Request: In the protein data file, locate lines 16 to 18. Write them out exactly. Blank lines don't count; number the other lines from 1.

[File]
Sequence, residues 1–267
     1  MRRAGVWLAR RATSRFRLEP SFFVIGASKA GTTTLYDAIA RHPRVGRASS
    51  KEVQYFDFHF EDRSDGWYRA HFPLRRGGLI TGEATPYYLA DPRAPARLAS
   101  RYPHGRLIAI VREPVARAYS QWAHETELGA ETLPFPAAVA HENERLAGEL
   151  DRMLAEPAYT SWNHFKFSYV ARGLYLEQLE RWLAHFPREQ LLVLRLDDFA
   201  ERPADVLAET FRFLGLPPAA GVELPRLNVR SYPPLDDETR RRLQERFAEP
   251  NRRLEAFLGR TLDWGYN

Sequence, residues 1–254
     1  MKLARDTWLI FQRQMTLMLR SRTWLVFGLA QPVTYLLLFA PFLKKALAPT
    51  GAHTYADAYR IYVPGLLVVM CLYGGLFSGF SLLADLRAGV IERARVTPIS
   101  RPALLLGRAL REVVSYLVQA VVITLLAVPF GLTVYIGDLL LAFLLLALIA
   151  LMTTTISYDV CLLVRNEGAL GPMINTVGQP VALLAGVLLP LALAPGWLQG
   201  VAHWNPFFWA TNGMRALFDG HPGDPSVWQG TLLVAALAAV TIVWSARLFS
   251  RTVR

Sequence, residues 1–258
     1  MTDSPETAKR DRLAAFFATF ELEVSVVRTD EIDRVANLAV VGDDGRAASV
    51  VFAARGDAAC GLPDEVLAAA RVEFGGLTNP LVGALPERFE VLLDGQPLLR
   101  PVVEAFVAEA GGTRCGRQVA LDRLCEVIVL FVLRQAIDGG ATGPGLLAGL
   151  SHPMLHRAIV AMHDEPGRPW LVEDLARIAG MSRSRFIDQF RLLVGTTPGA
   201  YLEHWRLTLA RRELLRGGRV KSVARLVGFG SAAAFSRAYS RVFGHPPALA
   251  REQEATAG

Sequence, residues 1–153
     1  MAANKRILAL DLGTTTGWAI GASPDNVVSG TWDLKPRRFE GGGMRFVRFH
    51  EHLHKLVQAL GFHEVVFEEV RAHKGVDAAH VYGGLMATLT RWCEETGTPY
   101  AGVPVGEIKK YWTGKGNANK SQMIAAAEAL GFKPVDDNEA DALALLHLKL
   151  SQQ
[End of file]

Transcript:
     1  MTDSPETAKR DRLAAFFATF ELEVSVVRTD EIDRVANLAV VGDDGRAASV
    51  VFAARGDAAC GLPDEVLAAA RVEFGGLTNP LVGALPERFE VLLDGQPLLR
   101  PVVEAFVAEA GGTRCGRQVA LDRLCEVIVL FVLRQAIDGG ATGPGLLAGL